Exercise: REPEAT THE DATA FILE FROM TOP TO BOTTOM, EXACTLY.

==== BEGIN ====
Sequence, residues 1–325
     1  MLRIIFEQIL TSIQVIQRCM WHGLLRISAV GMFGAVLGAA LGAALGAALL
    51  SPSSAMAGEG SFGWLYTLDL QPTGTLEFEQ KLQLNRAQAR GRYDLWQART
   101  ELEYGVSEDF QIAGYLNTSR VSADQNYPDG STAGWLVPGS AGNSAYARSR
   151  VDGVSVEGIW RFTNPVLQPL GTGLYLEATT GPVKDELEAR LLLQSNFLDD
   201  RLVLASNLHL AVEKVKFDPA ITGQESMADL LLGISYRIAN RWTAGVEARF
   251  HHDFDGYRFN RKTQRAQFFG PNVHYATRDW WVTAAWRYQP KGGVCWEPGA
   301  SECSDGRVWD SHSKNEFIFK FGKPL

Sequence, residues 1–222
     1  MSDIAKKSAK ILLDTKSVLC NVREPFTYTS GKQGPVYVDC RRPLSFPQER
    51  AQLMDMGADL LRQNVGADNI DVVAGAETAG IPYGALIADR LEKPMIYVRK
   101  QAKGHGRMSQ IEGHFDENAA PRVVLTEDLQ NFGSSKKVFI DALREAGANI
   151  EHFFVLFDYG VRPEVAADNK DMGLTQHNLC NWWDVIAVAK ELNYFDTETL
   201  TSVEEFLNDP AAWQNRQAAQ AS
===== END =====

Sequence, residues 1–325
     1  MLRIIFEQIL TSIQVIQRCM WHGLLRISAV GMFGAVLGAA LGAALGAALL
    51  SPSSAMAGEG SFGWLYTLDL QPTGTLEFEQ KLQLNRAQAR GRYDLWQART
   101  ELEYGVSEDF QIAGYLNTSR VSADQNYPDG STAGWLVPGS AGNSAYARSR
   151  VDGVSVEGIW RFTNPVLQPL GTGLYLEATT GPVKDELEAR LLLQSNFLDD
   201  RLVLASNLHL AVEKVKFDPA ITGQESMADL LLGISYRIAN RWTAGVEARF
   251  HHDFDGYRFN RKTQRAQFFG PNVHYATRDW WVTAAWRYQP KGGVCWEPGA
   301  SECSDGRVWD SHSKNEFIFK FGKPL

Sequence, residues 1–222
     1  MSDIAKKSAK ILLDTKSVLC NVREPFTYTS GKQGPVYVDC RRPLSFPQER
    51  AQLMDMGADL LRQNVGADNI DVVAGAETAG IPYGALIADR LEKPMIYVRK
   101  QAKGHGRMSQ IEGHFDENAA PRVVLTEDLQ NFGSSKKVFI DALREAGANI
   151  EHFFVLFDYG VRPEVAADNK DMGLTQHNLC NWWDVIAVAK ELNYFDTETL
   201  TSVEEFLNDP AAWQNRQAAQ AS